How We Draw It Up
(Not always how we do it)
Marco Cecchinato, the free- swinging Italian, took down Novak Djokovic in the Quarterfinals of Roland Garros thanks to his purposefully chaotic style of play. Mixing drop shots with outstanding court positioning and a firm understanding of the game’s percentages, Cecchinato flew around court Suzanne Lenglen as freely as a world #72 ever has.
Unable to beat Djokovic with pure speed of serve, Cecchinato stood closer to the alley on both sides than a typical Top 100 player would. Standing farther away from the centerline opens up more potential angles for his serve, and keeps Djokovic honest. With such a wide array of spots to cover, Djokovic can’t lean too far one way or the other and start to take advantage of the Cecchinato serve. Ryan Harrison and Pierre Hugues Herbert use the same tactic often, as well as the Argentine Leonardo Mayer. The guys we usually see on TV don’t often need to move wide, because they can dominate with speed of serve, but this strategy is common on non-TV-courts, and in tennis’ lower professional levels. For righties serving on the ad side, standing out towards the backhand doubles alley and serving kick wide is a great way to get control of the point. Taking some speed off the serve, and hitting it more like a rainbow into the shortest possible part of the ad service box gets your opponent way off the court stuck hitting a high backhand. Cecchinato was backing this serve up with an aggressive forehand; the success he found today only confirmed why it is one of the most common patterns of play on the men’s tour.
He knew Djokovic’s backhand could not beat him up the line. Completely peppering the Djokovic backhand, Cecchinato hit 73% of his shots there. This shows a firm belief in, and commitment to the idea that, ‘Djokovic cannot beat me with his backhand.’ Cecchinato did not say that, but he was obviously thinking it. Full commitment to this strategy puts a player at ease, and allows him to focus on other things than shot selection; unless he could hit a winner, Cecchinato was hitting the ball to Djokovic’s backhand side, no two ways about it.
Marco Cecchinato is the #72 player in the world for a reason; on any day a guy like him is capable of beating the best players in the world. Most of the drama we felt watching that match was from our belief in Djokovic to come back, as opposed to our disbelief in Cecchinato’s ability to keep that high level of play. His willingness to move forward and end points from the net was a fantastic showing of what a good competitor should do; he knew he wouldn’t outlast Djokovic, so he didn’t try to. He went on the court with all his strengths, and a firm belief in his strategy and he was not to be denied. Regardless of the outcome of this match, it was beautiful to watch a guy compete as hard mentally as he does physically; our sport needs guys like Marco Cecchinato.
Mischa Zverev, Feliciano Lopez and Nicolas Mahut are keeping serve and volley tennis alive. I charted 15 matches from each of them, as well as others players like Stakhovsky and Hugues Herbert, to figure out how they make this tactic work; the statistics below are from those hours of charting. Of course the players I watched have great serves, and unbelievable touch around the net, but what they most share in common is shot selection. Playing attacking tennis is about more than just hitting at a high speed, or cranking winners from all over the court; after studying these three guys I learned a couple of their tricks.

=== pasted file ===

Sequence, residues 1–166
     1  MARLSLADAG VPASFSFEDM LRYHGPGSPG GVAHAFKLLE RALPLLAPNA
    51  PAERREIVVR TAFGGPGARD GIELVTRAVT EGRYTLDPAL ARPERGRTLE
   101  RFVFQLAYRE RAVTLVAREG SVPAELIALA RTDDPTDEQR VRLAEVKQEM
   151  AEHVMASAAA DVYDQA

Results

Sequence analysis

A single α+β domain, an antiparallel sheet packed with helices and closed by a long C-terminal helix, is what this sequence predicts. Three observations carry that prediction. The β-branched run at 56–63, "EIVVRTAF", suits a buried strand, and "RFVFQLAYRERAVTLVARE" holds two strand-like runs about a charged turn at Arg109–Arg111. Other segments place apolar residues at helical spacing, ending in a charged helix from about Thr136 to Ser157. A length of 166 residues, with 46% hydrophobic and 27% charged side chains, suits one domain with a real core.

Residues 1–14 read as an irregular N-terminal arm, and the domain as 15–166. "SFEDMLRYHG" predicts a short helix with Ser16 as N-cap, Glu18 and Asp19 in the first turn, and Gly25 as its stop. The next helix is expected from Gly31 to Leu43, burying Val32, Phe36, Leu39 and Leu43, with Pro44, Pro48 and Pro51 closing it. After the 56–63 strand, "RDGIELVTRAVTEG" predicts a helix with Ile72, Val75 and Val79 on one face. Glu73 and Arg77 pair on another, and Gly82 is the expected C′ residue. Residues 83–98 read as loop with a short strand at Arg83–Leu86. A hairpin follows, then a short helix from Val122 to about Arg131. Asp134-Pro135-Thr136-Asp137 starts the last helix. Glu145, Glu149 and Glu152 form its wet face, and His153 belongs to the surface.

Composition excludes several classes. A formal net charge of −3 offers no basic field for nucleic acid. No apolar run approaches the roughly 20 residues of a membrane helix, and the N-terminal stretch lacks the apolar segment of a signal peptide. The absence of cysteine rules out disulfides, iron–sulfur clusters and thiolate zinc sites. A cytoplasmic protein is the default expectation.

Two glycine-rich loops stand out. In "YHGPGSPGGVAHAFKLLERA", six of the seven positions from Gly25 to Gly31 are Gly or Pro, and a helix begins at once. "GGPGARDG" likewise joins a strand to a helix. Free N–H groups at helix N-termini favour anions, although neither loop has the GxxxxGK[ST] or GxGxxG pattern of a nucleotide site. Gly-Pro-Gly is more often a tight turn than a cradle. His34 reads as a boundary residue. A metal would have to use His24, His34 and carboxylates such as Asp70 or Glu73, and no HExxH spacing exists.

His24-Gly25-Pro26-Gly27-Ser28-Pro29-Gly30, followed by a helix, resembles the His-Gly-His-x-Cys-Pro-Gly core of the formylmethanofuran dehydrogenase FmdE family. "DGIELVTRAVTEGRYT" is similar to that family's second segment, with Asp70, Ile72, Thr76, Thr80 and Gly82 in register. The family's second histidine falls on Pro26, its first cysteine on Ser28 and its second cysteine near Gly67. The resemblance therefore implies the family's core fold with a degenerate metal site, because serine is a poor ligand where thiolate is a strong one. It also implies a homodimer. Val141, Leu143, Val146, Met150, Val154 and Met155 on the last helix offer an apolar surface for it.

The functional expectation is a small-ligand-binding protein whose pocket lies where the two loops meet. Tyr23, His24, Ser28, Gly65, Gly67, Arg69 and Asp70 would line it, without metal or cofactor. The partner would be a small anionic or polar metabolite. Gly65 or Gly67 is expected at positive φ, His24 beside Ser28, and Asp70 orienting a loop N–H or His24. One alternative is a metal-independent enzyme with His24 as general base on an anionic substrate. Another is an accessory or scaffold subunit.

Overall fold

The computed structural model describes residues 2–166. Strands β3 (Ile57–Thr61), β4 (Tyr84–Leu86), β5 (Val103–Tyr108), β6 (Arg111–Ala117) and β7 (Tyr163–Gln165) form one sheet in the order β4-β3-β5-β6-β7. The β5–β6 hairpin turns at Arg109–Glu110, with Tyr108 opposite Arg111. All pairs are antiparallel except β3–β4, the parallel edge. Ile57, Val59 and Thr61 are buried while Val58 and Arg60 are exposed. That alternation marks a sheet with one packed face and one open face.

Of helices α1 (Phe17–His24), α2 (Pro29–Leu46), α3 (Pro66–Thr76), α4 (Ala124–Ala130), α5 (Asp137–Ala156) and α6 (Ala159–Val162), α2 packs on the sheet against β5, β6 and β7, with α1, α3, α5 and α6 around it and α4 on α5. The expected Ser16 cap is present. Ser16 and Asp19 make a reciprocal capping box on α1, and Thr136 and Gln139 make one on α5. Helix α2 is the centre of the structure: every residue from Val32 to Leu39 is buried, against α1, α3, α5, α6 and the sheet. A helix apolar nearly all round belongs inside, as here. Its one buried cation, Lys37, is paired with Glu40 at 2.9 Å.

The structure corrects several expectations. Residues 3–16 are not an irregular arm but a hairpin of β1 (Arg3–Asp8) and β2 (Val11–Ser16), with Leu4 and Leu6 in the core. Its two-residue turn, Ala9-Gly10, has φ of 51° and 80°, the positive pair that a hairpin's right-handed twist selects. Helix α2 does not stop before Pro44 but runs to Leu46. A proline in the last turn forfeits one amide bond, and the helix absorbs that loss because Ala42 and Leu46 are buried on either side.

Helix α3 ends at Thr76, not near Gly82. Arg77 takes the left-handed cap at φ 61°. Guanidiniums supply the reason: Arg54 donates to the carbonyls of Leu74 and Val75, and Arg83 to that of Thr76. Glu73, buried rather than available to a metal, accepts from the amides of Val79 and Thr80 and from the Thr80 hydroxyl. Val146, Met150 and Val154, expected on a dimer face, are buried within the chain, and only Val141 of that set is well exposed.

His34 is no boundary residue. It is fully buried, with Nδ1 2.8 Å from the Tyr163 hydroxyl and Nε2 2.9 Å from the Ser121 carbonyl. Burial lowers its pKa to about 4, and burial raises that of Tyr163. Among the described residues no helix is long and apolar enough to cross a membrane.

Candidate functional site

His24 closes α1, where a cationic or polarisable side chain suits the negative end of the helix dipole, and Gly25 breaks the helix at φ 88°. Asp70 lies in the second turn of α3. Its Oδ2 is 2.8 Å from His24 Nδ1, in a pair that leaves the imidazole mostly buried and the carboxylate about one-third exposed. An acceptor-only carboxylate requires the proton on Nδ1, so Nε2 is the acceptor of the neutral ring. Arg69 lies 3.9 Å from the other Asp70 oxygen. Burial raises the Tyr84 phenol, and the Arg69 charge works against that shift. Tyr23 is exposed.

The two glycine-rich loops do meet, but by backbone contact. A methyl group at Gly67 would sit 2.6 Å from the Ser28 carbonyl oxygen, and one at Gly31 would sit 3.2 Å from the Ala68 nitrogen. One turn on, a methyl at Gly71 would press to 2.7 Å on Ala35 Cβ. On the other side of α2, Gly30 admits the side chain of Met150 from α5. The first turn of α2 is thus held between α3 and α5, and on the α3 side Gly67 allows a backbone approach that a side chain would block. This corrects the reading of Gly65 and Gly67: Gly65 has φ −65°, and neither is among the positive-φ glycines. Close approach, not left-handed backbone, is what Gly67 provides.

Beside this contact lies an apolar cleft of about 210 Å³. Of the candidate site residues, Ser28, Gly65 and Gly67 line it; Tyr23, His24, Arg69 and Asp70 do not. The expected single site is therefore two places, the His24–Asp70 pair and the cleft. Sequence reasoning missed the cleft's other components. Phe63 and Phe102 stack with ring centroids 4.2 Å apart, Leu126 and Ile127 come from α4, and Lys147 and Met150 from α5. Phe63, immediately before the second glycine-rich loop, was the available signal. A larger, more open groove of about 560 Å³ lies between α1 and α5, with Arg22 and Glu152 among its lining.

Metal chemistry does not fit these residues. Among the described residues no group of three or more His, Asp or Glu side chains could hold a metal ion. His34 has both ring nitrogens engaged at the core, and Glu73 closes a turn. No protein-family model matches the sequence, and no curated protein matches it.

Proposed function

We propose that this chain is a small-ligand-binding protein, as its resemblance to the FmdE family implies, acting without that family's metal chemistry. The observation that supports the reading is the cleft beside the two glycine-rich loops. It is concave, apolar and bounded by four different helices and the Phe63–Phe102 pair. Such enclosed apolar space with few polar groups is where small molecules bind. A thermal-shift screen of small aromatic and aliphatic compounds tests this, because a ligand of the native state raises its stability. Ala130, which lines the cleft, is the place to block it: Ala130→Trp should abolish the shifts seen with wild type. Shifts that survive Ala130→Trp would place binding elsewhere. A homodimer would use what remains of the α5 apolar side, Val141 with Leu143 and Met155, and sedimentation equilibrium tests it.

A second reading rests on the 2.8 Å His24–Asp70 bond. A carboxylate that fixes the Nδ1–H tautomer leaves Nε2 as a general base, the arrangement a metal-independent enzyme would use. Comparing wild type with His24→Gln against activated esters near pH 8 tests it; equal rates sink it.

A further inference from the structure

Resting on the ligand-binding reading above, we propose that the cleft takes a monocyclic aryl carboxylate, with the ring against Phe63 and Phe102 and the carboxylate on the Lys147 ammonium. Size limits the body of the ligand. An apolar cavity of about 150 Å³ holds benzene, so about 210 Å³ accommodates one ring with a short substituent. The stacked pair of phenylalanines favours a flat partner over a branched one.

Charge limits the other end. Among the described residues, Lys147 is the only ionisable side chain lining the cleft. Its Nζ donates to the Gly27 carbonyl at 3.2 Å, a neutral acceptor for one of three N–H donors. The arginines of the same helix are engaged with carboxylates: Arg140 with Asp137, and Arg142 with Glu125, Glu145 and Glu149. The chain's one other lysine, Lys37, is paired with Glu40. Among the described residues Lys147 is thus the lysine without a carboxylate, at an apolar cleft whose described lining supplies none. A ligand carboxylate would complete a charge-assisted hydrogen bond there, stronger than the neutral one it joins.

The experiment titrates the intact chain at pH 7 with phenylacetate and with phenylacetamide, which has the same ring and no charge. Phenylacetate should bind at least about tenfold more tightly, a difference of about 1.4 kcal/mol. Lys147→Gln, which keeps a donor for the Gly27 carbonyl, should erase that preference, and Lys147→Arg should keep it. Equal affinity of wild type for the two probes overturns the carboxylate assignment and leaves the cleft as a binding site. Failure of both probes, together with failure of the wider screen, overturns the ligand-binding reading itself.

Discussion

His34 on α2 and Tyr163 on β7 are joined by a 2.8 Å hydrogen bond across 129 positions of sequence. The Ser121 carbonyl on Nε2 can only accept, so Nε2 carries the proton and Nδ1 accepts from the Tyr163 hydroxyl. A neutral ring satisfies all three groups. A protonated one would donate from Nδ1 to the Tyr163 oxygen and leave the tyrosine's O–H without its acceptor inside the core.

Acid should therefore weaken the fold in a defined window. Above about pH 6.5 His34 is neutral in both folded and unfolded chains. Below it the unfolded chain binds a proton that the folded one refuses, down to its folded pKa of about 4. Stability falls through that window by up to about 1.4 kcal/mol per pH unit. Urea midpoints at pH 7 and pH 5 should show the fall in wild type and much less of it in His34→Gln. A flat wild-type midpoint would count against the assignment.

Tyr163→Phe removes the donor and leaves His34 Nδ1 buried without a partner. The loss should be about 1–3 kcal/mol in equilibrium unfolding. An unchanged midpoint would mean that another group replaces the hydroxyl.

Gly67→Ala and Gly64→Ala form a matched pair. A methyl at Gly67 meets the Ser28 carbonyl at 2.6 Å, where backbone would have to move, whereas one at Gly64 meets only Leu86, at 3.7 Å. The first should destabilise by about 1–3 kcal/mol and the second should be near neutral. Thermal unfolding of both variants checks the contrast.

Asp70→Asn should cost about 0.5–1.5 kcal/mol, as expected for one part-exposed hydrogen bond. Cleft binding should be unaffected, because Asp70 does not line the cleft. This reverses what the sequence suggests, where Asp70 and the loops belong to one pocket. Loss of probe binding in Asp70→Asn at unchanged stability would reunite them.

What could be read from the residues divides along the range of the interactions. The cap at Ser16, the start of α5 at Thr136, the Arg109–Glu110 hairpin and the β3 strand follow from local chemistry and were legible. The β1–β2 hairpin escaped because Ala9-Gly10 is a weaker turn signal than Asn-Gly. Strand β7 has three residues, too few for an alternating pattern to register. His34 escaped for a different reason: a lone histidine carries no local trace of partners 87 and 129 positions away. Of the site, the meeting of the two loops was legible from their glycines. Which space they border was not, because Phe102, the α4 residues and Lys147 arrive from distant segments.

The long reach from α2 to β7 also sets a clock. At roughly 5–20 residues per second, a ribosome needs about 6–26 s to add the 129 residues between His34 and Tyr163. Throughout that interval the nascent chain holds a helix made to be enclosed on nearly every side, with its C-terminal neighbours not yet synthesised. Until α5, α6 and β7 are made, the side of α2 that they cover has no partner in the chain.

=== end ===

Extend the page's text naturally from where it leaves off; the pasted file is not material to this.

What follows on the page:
If you don’t feel comfortable playing serve and volley tennis, use these rules whenever you get to net. Being smart about shot selection while attacking can make you a more successful attacking player, and that success will make you more willing to voyage forward in the court. Rafael Nadal does this beautifully. While he’s not known as a volleyer, Rafa has one of the highest winning percentages on tour when at net, because he comes in at the right time and makes the right decisions when he’s up there. Play to their backhand, make your approach shots, and the odds are in your favor. Don’t let the 1% of passes that go for winners stick around in your mind any longer than they should.
Gael Monfils is an electric factory when he steps onto a tennis court; and on the terre battue of Roland Garros? Forget about it. He can hit shots that the rest of us couldn’t even imagine attempting. But Gael does not make a living from making incredible shots, he makes a living from hitting the normal shots really well. Gael does three things extremely well, and we can all incorporate more of it into our own gamesl.
Monfils is locked at a set all right now against Belgium’s best player, David Goffin, in the third round of the French Open and it is an absolute clinic on how to play controlled baseline tennis. Both guys can do whatever they want with the ball, but they choose to play with huge margins, and an emphasis on control. If the best players in the world choose control and accuracy over highlight reel shots, shouldn’t we?
How are you going to get an edge over someone of your equal ability and win matches consistently? Hoping to win the long rallies, and just make more balls than your opponent is not the way. First of all, that takes unbelievable mental and physical conditioning, and secondly, in my opinion, it leaves too much of the outcome in your opponent’s hands. The way to win matches against your equal is to find ways to attack and apply pressure while still playing high percentage tennis.